Washington professor a lead author on major climate change report
The United Nation’s Intergovernmental Panel on Climate Change, or IPCC, released a new report that looks at the impacts of global warming of 1.5 degrees Celsius above preindustrial levels. This was the more ambitious goal established by governments in late 2015 through the Paris Agreement.
Dr. Kristie Ebi, a professor of global health and of environmental and occupational health sciences at the University of Washington School of Public Health, was a lead author on the report approved Oct. 8. Called the “Special Report on Global Warming of 1.5 Degrees Celsius,” the IPCC document compares the effects of 1.5 versus 2 degrees Celsius global warming, the possible consequences of those temperature shifts for human and natural systems, and the changes needed to meet those two targets.
“Climate change is already affecting people, ecosystems and livelihoods around the world,” Dr. Ebi said. “It is generally the poor and disadvantaged who are most affected.”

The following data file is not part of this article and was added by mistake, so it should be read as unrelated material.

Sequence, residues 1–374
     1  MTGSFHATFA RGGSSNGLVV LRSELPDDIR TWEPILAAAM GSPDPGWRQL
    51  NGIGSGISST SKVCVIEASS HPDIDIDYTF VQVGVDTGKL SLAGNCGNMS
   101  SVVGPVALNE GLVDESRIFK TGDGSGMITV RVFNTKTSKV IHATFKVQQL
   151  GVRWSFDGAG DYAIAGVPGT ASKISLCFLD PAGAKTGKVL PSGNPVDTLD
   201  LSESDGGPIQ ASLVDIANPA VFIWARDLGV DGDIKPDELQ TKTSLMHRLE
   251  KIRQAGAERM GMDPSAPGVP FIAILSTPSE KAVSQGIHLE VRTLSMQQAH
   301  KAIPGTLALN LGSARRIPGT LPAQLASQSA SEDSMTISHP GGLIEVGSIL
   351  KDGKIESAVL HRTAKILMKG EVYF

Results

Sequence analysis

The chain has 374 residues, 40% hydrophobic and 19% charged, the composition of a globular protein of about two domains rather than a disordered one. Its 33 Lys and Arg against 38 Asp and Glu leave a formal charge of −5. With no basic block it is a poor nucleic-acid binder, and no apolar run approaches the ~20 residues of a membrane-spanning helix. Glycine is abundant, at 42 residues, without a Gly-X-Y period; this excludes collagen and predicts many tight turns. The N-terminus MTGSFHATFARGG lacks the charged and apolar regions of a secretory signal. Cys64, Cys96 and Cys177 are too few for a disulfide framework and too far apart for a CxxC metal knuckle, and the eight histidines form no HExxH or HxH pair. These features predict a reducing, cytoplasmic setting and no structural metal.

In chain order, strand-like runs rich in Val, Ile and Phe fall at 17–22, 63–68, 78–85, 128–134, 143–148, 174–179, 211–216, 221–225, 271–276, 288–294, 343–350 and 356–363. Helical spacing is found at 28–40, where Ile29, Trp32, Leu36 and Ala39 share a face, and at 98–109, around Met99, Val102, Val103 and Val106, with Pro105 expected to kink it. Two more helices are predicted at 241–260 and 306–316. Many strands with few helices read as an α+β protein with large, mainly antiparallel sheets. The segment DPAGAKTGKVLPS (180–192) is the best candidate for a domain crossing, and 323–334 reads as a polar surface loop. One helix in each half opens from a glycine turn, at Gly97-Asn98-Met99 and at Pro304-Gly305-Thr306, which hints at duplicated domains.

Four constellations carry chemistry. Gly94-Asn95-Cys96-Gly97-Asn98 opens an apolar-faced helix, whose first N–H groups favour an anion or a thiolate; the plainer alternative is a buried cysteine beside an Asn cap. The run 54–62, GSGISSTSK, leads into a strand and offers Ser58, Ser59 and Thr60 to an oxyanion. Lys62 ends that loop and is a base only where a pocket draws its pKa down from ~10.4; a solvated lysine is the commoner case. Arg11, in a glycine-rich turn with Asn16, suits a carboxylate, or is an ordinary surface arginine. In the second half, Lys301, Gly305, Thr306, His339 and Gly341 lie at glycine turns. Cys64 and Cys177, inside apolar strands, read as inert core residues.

Dr. Ebi noted this was the first report for which the world governments asked the IPCC authors to address a specific topic. Officials from about 140 nations participated in the approval session, going through the report line by line to ensure the summary for policymakers was not only scientifically accurate, but also that the statements would be clear and useful for policymakers.
“All countries were engaged in the process, working together with scientists to co-produce a document they can use within their countries to inform policies,” Dr. Ebi said.
Keeping temperatures within 1.5 degrees Celsius or even 2 degrees Celsius of preindustrial levels would require phasing out technology that burns coal or gasoline while also developing technologies that remove carbon dioxide from the atmosphere.
“Limiting warming to 1.5 degrees Celsius above preindustrial levels is possible — and would require unprecedented transitions,” Dr. Ebi said. “At the same time, many of the actions to reduce greenhouse gas emissions would benefit human health now. And the size of those health benefits is projected to offset most, if not all, of the costs of mitigation.”
Dr. Ebi is one of four UW faculty members who will contribute to the IPCC 6th Assessment Report on the state of global understanding and preparedness for climate change. The three reports in the assessment will be published in 2020/2021, with a summary available by early 2022.